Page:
ERIC Number: ED173019
Record Type: RIE
Publication Date: 1979-May-23
Reference Count: 0
This Proud Land, A Unit in Native American Studies.
Noe, Sally W.; Wright, Gregory, Ed.
The American Indians of the Southwest--their history and culture from ancient to modern times--are the focal point of this resource manual based on an American history course developed at Gallup High School, Gallup, New Mexico. The course covers ancient culture and migrations of the Indian tribes now inhabiting New Mexico and the coming of Spanish explorers and Anglo settlers; it concludes with the Treaty of Guadalupe Hidalgo. This guide includes an outline for the two-semester course, performance objectives for students, maps, charts, sample tests and study guides, chronologies, and two detailed units of study titled "Navajo Clan System and Distribution" and "Migratory Distribution". Brief background is provided on southwestern geology and physical geography; on cultural differences and similarities among the Anasazi, Hohokan, and Mogollon-Mimbres cultures from which modern tribes descent; and on the history and culture of Pueblos, Zunis, and Apaches--especially the "apaches de nabahu", the Navajos. A bibliography of 55 entries directs the reader to in-depth information on various aspects of Southwest history. (JH)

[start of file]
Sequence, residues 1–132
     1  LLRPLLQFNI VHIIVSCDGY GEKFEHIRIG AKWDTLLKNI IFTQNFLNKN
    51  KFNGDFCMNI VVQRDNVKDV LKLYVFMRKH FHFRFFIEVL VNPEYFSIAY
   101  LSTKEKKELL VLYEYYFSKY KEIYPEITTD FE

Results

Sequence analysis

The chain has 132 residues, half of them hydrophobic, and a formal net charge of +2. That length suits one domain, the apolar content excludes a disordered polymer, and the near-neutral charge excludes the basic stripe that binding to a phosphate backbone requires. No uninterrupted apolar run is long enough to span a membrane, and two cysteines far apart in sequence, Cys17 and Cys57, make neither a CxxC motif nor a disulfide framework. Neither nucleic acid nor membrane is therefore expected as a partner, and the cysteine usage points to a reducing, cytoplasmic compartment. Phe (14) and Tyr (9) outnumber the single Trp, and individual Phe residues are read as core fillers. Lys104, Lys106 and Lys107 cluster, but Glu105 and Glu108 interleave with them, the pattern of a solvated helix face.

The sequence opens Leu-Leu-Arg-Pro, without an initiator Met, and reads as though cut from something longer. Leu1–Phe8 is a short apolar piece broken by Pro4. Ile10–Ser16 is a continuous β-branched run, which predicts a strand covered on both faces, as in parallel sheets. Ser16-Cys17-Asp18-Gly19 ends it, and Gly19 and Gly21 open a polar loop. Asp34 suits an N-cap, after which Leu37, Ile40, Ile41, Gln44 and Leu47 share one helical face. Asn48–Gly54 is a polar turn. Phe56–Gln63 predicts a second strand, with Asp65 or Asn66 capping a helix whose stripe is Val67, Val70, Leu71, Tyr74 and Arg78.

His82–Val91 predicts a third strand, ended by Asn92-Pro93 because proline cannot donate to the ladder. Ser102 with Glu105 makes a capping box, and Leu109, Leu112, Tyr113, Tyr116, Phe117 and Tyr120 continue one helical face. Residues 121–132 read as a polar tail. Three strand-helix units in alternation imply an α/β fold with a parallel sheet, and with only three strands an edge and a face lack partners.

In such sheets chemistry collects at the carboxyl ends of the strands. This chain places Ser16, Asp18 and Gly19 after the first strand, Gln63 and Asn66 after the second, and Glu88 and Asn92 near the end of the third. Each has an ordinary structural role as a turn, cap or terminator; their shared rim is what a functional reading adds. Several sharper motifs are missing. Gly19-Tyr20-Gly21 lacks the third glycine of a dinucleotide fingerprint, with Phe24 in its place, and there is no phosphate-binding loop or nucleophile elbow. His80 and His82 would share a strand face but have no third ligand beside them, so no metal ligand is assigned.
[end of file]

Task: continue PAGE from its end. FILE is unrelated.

Descriptors: American Indian Culture, American Indians, Ancient History, Anthropology, Cultural Activities, Cultural Background, Cultural Differences, Curriculum Guides, Ethnology, Geology, Grade 11, Grade 12, Instructional Materials, Lesson Plans, Map Skills, Migration Patterns, Physical Geography, Secondary Education, Social Studies, Tribes, United States History, Units of Study, Visual Aids
Publication Type: Guides - Classroom - Learner; Guides - Classroom - Teacher
Education Level: N/A
Authoring Institution: New Mexico State Dept. of Education, Santa Fe.
Identifiers: American Indian History; Apache (Tribe); Navajo (Nation); New Mexico (Gallup); Pueblo (People); United States (Southwest); Zuni (Pueblo)
Note: Guide prepared in collaboration with the New Mexico Council for the Social Studies; Best copy available